The URLs that are currently exposed by our Logic Apps & Data Factory pipelines are generated by Azure and are tightly coupled to those resources.

As the cloud is constantly changing, this can become a problem when you decide to use another service or somebody simply deletes and you need to recreate it where it will have a new URL. Azure API Management is a great service for this where it will basically shield away from the backend process from the consumer and act as an API gateway. This means that if your backend changes; you don't need to update all you consumers, simply update the gateway instead.

Azure Data Factory pipelines can be triggered via HTTP calls but this has to be done via a REST API - Great! The downside is that it is secured via Azure AD which brings some overhead in certain scenarios. Using Azure API Management, you can shield this from your consumers by using an API key and leave the AD authentication up to the API gateway.

User Deletion

GDPR mandates that every platform needs to give a user the capability to delete all the data for a specific user on request. To achieve this a similar approach can be used or even refactor the current process so that they re-use certain components such as the Logic Apps.

Conclusion

Azure Serverless is a very great way to focus on what we need to achieve and not worry about the underlying infrastructure. Another big benefit is that we only need to pay for what we are using. Given this flow will be used very sporadically this is perfect because we don't want to set up an infrastructure which needs to be maintained and hosted if it will only be used once a month.

Azure Event Grid makes it easy to decouple our processes during this flow and provide more extension points where there is a need for this.

Personally, I am a fan of Azure Data Factory because it makes me as a developer so easy to automate data processes and comes with the complete package - Code & visual editor, built-in monitoring, etc.

Last but not least, this is a wonderful example of how you can combine both Azure Logic Apps & Azure Data Factory to build automated workflows. While at first, they can seem as competitors, they are actually a perfect match - One focusses on the application orchestration while the other one does the data orchestration. You can read more about this here.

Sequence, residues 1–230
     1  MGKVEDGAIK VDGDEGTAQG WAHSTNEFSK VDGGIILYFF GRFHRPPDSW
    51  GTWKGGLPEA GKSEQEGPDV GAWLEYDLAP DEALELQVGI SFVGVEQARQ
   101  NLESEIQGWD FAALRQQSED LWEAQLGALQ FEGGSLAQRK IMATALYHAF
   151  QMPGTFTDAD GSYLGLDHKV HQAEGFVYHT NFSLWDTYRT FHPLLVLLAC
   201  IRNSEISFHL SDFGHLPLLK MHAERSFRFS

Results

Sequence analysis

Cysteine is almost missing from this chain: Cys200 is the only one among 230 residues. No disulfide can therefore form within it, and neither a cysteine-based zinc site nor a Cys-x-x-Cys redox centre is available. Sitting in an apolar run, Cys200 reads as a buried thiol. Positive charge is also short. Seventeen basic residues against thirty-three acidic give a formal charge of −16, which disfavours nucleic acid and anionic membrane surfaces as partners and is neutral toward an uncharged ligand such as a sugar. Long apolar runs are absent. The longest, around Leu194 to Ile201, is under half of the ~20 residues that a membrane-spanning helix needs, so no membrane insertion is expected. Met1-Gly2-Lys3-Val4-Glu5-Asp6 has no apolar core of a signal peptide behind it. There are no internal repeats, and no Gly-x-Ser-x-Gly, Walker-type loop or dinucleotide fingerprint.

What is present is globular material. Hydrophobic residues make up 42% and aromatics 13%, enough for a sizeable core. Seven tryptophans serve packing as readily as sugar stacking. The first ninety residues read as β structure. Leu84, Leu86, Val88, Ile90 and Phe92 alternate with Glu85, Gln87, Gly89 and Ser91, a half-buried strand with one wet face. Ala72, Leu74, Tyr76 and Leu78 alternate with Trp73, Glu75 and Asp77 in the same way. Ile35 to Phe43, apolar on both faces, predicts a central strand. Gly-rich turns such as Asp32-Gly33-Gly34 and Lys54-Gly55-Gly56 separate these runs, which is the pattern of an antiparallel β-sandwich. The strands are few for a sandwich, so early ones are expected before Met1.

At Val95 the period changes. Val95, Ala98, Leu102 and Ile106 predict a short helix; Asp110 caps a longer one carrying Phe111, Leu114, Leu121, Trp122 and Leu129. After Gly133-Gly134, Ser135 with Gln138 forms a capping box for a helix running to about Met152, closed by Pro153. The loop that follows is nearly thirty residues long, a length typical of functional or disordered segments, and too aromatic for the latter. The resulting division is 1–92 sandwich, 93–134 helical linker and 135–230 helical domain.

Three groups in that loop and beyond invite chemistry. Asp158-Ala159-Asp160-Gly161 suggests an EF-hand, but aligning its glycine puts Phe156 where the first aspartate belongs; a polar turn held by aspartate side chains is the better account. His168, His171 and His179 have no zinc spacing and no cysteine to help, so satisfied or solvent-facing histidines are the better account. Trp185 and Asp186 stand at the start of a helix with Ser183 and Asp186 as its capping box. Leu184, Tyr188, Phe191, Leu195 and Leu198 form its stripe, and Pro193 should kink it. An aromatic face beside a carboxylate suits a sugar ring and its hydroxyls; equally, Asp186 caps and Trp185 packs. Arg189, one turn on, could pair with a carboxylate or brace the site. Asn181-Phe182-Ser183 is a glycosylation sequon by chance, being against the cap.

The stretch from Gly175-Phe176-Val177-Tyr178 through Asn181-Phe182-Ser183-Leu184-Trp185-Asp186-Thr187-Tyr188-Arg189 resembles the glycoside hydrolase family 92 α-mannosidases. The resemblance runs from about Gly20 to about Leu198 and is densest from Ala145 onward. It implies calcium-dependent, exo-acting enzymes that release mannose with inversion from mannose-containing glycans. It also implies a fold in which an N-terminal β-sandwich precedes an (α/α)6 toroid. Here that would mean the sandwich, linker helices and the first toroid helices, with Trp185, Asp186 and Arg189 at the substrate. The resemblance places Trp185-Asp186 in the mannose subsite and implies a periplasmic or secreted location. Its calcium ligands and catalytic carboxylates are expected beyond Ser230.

Want to see this in action? Attend my "Next Generation of Data Integration with Azure Data Factory" talk at Intelligent Cloud Conference on 29th of May.

In a later post, we will go more into detail on how we can use these components to build this automated flow. Curious to see the details already? Everything will be available on GitHub.

Thanks for reading,

Tom.

Posted on Thursday, May 17, 2018 12:00 AM

Frederik Gheysels by Frederik Gheysels

This article will guide you through the process of exposing the debug-information for your project using a symbol server on VSTS with private build agents.

We'll focus on exposing the symbols using IIS while pointing out some caveats along the way.

Introduction

I believe that we've all experienced the situation where you're debugging an application and would like to step into the code of a dependent assembly that has been written by you or another team in your company but is not part of the current code repository.
Exposing the debug-information of that assembly via a symbol server allows you to do that.

While setting up a symbol-server and indexing pdb files was quite a hassle 10 years ago, it currently is a piece of cake when you use VSTS for your automated builds.

Build definition

To enable the possibility of stepping into the code of your project, the debug-symbols of that assembly must be exposed to the public.

This is done by adding the Index sources & Publish symbols task to your VSTS build definition:
This task will in fact add some extra information to the pdb files that are created during the build process. 

Additional information, such as where the source files can be found and what version of the sources were used during the build will be added to the pdb files.

After that, the pdb files will be published via a Symbol Server.

Once this task has been added, it still needs some simple configuration:

Since VSTS is now also a symbol server, the easiest way to publish your symbols is to select Symbol Server in this account/collection.